Frenchman's Creek is a 17th-century romance about the lady and the pirate, beautifully Technicolored and lavishly mounted. Film reputedly cost over $3 million to produce, Paramount's costliest investment [at the time].
Frenchman’s Creek is a 17th-century romance about the lady and the pirate, beautifully Technicolored and lavishly mounted. Film reputedly cost over $3 million to produce, Paramount’s costliest investment [at the time].
The romantic pirate from France who invades the Cornish coast of England, hiding his frigate in what thus becomes known as Frenchman’s Creek, plays his role with all the musical comedy bravado the part calls for.
The romance is supposedly forthright and played straight. Joan Fontaine seeks refuge in the Cornish castle to get away from a stupid husband (Ralph Forbes) and a ducal menace. The scoundrelly servant at the Cornish retreat is actually the pirate chief’s hireling, and the romance between the two, is but one of a sequence of similar adventures.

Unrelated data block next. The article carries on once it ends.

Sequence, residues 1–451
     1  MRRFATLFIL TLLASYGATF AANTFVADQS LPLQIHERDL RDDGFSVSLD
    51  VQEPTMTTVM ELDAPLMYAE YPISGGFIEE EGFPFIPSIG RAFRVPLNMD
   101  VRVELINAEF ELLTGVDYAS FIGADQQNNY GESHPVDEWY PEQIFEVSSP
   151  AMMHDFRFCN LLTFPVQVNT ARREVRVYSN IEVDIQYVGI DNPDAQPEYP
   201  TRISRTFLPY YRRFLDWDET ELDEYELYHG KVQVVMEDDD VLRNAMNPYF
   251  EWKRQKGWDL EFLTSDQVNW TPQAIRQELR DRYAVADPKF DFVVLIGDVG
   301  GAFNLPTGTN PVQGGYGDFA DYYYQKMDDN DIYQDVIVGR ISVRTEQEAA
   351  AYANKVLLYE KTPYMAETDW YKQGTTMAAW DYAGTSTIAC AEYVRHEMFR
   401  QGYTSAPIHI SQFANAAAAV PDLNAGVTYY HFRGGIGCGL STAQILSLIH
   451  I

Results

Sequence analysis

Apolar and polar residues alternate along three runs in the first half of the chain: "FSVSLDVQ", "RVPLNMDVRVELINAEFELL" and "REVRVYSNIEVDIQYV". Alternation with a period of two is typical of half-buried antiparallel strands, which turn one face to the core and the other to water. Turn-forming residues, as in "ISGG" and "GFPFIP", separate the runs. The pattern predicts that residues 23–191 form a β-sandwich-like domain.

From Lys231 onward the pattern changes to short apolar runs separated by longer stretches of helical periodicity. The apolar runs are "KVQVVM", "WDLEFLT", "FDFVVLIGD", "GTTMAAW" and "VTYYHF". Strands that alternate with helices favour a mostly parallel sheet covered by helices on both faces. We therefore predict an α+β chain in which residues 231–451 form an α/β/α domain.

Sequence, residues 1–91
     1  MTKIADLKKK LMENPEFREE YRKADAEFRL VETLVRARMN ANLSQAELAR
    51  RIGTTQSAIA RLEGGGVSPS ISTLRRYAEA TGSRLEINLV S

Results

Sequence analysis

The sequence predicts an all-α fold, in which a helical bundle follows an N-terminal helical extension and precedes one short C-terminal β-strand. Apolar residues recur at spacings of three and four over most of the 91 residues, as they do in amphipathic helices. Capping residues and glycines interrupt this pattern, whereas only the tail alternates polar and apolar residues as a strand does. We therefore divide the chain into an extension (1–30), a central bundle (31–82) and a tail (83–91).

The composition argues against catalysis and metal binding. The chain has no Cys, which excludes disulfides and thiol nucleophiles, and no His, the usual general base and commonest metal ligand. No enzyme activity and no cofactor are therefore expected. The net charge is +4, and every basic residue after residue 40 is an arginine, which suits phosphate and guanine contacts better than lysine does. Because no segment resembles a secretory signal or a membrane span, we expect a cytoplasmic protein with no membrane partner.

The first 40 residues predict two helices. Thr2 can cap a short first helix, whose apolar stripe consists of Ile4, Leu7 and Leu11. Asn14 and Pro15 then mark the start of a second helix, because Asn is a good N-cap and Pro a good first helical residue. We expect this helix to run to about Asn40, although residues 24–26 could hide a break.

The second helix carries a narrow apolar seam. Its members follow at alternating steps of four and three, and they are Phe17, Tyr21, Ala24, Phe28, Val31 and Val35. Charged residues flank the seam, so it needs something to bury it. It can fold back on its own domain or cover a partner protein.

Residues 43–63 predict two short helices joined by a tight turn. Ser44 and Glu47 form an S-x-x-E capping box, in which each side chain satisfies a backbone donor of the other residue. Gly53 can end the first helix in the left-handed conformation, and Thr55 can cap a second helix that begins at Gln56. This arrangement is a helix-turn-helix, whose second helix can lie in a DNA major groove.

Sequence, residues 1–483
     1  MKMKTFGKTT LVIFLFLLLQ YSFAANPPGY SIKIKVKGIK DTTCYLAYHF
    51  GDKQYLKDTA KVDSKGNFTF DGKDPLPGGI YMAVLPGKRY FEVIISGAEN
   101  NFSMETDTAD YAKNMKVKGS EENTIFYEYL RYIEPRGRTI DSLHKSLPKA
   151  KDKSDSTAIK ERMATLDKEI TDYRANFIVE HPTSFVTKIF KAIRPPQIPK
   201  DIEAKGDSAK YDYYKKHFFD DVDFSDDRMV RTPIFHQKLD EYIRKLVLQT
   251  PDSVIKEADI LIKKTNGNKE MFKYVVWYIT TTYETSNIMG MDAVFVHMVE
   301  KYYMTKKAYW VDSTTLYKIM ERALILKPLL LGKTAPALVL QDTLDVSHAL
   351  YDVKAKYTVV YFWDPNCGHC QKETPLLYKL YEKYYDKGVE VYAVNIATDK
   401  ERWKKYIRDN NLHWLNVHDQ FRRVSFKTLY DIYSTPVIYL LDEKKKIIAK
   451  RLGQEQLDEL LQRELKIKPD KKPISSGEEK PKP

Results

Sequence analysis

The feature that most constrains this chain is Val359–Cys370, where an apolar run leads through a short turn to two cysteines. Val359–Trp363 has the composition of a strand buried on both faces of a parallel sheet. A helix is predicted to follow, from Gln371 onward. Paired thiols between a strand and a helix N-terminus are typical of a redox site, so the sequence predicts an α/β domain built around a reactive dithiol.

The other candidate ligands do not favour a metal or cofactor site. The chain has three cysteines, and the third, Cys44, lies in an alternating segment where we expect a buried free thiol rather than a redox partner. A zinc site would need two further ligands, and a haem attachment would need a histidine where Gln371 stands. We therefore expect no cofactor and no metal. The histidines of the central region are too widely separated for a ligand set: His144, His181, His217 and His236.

The performances are sometimes unconsciously tongue-in-cheek, but withal come off well. Cecil Kellaway is particularly good as the servant.
The scripting [from the novel by Daphne du Maurier] at times borders on the ludicrous, especially when almost all the sympathetic figures wax near hysteria in their scoffing at the dangers which may beset them. Productionally it is ultra. And no minor assist is an excellent Victor Young score.
1945: Best Color Art Decoration